By Emma Brady
Two Midland hospitals have cancelled all non-emergency operations for today and tomorrow, and 15 wards remain closed across the region as patients recover from an outbreak of the winter vomiting bug, norovirus, yesterday.
Worcestershire Acute Hospitals NHS Trust – which runs the Alexandra Hospital in Redditch, Royal Worcestershire in Worcester, and Kidderminster Hospital – remains the worst hit, with 120 patients on 14 wards still suffering from diarrhoea and vomiting.
Ward D11 at City Hospital, in Winson Green, Birmingham, also remains closed to new admissions as eight patients are still displaying symptoms, which usually last for 48 hours. Four patients at Warwick Hospital have also been diagnosed with the bug, but no wards have been closed as yet. The Alexandra Hospital and Worcestershire Royal Hospital have seen a “steady increase” in the number of people with diarrhoea and vomiting.
John Rostill, the trust’s chief executive, said: “We strongly advise people to think twice before visiting family and friends and to do so only if it is essential.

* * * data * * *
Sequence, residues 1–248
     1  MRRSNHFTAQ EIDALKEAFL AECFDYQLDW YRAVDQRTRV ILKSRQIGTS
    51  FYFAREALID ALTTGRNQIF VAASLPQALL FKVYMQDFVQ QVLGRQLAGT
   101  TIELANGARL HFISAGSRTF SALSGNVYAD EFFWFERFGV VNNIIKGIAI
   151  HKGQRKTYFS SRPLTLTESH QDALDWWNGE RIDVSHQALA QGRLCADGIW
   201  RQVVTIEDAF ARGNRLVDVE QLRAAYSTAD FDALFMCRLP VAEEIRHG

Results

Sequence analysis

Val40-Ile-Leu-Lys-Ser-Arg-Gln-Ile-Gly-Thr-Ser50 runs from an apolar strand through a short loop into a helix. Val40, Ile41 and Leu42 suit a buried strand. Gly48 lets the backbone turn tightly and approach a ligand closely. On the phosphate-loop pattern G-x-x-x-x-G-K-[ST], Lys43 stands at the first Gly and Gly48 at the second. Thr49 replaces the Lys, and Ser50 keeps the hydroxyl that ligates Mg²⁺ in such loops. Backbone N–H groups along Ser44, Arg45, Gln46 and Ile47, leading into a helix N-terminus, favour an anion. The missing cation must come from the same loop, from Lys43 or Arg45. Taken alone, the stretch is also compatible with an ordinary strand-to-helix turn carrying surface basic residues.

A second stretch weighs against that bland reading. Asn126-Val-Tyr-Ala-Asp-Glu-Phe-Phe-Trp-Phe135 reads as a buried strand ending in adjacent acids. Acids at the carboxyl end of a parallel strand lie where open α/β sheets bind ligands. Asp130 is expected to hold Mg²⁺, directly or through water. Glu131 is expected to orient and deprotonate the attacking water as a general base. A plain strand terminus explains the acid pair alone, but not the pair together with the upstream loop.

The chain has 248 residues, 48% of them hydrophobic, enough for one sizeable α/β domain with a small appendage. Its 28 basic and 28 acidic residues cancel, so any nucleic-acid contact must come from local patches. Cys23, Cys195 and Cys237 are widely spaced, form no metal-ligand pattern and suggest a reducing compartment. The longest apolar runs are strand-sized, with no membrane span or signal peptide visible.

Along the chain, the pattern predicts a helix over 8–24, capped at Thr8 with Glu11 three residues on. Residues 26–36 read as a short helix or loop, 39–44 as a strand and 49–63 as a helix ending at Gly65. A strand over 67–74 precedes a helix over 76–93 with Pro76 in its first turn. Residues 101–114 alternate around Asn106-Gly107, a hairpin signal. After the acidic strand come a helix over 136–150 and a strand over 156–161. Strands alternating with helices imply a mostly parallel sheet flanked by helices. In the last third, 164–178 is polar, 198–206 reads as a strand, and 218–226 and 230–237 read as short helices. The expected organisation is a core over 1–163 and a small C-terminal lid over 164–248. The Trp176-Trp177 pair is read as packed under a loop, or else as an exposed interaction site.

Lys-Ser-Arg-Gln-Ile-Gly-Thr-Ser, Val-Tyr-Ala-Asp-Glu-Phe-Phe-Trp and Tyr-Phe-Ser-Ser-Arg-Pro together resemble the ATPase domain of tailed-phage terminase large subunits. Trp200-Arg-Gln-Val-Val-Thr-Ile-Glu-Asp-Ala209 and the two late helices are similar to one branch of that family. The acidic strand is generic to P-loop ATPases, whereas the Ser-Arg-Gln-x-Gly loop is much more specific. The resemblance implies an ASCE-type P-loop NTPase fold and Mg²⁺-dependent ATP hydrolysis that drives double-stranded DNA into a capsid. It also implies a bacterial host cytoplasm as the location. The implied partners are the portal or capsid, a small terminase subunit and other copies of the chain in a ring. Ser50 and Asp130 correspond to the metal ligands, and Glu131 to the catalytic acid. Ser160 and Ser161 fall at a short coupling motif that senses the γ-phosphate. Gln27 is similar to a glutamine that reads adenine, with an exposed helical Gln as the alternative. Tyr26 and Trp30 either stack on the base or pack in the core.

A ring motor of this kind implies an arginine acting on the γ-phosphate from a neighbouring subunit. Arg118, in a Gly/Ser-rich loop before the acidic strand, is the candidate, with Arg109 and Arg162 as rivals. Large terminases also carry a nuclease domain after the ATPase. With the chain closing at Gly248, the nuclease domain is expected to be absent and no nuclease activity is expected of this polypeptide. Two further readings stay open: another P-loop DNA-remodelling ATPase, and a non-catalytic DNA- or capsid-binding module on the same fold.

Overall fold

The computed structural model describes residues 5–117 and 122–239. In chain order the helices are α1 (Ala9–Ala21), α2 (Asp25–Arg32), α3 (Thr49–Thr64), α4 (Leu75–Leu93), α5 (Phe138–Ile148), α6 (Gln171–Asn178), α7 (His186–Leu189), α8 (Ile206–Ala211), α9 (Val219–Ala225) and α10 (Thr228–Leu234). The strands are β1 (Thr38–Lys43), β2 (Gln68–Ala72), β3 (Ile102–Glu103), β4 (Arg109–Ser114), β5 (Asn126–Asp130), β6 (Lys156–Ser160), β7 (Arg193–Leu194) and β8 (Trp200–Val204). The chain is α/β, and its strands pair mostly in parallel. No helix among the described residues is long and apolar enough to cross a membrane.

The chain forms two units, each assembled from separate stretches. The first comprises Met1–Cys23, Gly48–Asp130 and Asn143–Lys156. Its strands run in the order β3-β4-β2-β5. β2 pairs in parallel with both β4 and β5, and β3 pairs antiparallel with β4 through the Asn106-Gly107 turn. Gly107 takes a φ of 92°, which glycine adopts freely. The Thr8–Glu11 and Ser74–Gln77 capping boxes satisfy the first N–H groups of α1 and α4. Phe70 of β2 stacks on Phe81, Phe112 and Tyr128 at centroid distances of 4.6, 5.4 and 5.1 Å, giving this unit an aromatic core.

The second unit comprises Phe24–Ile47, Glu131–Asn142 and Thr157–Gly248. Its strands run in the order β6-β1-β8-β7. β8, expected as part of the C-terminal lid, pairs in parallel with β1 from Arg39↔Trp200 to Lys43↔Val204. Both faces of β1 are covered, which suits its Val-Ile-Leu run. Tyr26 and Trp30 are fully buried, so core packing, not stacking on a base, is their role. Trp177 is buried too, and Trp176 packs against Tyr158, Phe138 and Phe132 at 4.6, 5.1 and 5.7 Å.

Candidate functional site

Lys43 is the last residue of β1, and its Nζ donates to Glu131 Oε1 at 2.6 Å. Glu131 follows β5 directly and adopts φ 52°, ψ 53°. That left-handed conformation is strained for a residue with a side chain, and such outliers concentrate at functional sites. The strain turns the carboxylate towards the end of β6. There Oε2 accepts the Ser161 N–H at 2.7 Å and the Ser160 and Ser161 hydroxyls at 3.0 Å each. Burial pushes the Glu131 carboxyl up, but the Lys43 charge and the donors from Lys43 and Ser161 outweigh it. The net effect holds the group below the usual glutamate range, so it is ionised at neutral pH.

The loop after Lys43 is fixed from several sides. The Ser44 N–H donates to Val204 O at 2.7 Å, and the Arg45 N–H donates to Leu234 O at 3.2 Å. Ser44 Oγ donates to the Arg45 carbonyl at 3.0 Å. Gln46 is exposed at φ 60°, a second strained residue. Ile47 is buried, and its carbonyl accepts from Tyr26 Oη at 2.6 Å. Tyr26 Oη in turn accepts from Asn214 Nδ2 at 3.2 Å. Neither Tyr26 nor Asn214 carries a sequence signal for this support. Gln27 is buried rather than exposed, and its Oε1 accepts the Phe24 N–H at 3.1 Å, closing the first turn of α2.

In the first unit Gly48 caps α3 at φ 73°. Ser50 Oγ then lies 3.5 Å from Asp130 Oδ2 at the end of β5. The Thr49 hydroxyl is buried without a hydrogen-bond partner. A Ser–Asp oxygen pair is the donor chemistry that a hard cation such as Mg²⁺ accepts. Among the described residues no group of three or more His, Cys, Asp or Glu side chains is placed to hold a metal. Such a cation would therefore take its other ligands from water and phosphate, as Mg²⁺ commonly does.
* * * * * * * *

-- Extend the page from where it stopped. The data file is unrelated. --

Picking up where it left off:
“If they have to visit then they will need to wash their hands with soap and water as they enter and leave the ward and also use the hand gel.
“Using the hand alcohol rub on its own is not sufficient to kill these particular germs.”
Norovirus is prevalent in the community and anyone who has been in contact with family or friends suffering from diarrhoea or vomiting in the past 48 hours should not visit already vulnerable hospital patients.
A spokesman for Sandwell and West Birmingham Hospitals NHS Trust, which runs City Hospital, added: “We have an aggressive policy for dealing with norovirus, which means we act immediately to close the affected ward and stop all visitors and non essential staff entering the ward when patients exhibit any common norovirus symptoms.”
All visiting was suspended at most of Warwick Hospital yesterday, but one visitor per patient is still permitted at the intensive care unit, MacGregor children’s unit, Swan maternity ward and the coronary care unit.
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